The data were organized in packets inside the HSP, and were treated as packets all the way through the system until the HST ground system at STScI reformatted them into a simple time series. The HSP team discovered that data from the beginning of packet 7 were appearing at the beginning of packet 8, and similarly for packet pairs 15 and 16, 23 and 24, and so on. The packet collection times in these two isolated instances were 8.6 ms and 9.4 ms, accounting for the results in the autocorrelation. The length of the duplicated stretch varied randomly from 12 to 24 samples.
Extensive analyses were performed by the HSP team and by experts in the operation of the Science Data Formatter (SDF), the packet interface to which the HSP sends data. No likely suspects were found. A simple "numerological" analysis also failed to implicate or exonerate any specific subsystem. For example, the HSP maintains 8 internal packet buffers, easily raising eyebrows with the period-of-8 repetition reclamation error affecting pairs of packets. That is, packets 0 and 8 shared buffers, not 7 and 8. On the other hand, packets appeared pairwise in the SDF, which maintained two ping-pong packet buffers. The SDF could generate defective packet time stamps, which then caused the ground system to put packets in the wrong order, although this was not expected to change the contents of a packet.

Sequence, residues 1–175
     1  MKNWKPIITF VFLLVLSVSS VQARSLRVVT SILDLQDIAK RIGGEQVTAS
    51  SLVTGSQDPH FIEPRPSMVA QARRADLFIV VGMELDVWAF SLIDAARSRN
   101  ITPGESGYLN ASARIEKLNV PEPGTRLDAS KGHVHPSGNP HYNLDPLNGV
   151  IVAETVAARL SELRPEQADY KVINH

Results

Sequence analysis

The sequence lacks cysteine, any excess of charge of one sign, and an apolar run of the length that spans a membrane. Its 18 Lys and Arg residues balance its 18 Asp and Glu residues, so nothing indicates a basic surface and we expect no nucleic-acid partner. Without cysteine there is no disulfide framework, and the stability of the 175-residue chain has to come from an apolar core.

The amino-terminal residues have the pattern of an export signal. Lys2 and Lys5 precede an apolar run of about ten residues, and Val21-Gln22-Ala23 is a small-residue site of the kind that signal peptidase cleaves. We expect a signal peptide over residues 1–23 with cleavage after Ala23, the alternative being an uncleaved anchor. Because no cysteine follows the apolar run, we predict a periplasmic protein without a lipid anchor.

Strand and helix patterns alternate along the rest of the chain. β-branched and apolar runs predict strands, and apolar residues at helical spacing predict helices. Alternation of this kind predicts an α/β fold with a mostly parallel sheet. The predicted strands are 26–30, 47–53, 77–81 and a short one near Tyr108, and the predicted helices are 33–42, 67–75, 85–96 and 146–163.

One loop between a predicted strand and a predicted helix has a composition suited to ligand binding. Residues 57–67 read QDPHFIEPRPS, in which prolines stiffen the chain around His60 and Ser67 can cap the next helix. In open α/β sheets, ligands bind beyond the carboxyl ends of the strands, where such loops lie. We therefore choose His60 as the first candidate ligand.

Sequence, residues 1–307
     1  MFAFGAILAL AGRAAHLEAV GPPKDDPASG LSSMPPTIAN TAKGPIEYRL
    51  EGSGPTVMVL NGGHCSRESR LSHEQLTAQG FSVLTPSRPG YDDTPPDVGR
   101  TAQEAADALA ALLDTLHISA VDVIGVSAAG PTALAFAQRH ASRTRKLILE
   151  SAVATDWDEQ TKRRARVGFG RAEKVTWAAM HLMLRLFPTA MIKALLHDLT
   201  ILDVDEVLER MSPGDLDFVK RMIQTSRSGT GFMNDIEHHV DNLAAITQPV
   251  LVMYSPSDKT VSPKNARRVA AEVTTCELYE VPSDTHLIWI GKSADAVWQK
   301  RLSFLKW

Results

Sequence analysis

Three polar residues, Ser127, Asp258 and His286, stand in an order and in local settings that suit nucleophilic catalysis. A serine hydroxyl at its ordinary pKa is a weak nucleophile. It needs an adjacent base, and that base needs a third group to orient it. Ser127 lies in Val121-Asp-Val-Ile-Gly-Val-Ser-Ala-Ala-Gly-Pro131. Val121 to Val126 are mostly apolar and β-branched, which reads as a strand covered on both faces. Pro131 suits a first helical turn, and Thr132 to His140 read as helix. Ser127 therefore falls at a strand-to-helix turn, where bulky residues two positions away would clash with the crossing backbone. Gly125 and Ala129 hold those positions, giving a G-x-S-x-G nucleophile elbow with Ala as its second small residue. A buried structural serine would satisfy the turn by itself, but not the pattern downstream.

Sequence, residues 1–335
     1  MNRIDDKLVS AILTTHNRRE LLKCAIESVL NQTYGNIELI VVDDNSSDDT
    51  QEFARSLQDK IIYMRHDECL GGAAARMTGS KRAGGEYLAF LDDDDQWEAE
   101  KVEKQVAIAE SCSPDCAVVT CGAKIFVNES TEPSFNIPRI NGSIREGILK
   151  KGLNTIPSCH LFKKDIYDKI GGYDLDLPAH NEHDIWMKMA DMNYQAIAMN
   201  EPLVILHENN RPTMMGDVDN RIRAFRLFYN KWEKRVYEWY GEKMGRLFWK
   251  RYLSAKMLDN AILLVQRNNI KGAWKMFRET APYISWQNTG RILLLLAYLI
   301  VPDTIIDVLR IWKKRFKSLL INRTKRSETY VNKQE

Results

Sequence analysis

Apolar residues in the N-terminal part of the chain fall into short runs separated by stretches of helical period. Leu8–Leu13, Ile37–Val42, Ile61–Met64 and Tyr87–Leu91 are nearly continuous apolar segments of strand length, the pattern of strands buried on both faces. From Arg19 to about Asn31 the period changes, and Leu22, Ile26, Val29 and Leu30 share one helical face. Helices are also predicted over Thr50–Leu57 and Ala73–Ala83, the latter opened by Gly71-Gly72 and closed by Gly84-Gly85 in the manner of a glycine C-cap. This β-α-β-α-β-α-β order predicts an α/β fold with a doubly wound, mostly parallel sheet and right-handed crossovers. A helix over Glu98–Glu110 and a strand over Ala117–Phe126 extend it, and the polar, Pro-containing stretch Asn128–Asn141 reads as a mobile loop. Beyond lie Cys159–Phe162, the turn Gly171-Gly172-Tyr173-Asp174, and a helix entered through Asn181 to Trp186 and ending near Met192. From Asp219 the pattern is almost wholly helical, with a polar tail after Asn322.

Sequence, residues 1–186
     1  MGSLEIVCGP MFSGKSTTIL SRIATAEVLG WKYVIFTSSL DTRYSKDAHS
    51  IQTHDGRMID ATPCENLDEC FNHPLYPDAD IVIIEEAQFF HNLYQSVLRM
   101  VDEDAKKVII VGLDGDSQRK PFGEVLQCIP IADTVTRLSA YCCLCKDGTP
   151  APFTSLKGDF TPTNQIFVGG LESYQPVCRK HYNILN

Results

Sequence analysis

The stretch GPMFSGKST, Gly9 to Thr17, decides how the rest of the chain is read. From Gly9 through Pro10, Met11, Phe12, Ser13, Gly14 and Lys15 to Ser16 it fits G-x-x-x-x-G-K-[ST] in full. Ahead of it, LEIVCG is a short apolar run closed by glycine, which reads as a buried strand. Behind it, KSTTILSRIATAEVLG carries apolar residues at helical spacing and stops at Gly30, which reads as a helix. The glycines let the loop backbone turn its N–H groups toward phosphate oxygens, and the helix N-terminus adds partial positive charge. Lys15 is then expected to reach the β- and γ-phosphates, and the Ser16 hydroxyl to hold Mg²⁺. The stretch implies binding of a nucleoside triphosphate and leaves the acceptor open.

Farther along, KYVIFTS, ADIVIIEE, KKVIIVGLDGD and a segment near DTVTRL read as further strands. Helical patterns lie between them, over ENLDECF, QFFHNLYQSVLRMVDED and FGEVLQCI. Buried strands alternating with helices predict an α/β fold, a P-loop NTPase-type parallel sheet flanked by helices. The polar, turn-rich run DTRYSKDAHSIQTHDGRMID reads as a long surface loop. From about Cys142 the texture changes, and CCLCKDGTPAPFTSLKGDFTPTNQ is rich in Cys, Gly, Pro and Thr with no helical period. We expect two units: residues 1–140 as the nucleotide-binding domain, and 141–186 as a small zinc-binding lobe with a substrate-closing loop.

This autocorrelation test was performed on many datasets taken with precisely the same instrument configuration, with no irregularities found. Only four datasets (taken on 2 days less than 1 week apart) have been discovered to show this effect. If you have data taken at sample rates exceeding 1 kHz, do an autocorrelation and look for spurious power at lags equal to a packet collection time, which is the sample time multiplied by the number of samples per packet. The latter value is given in the SMS command load or in the FITS headers for the data.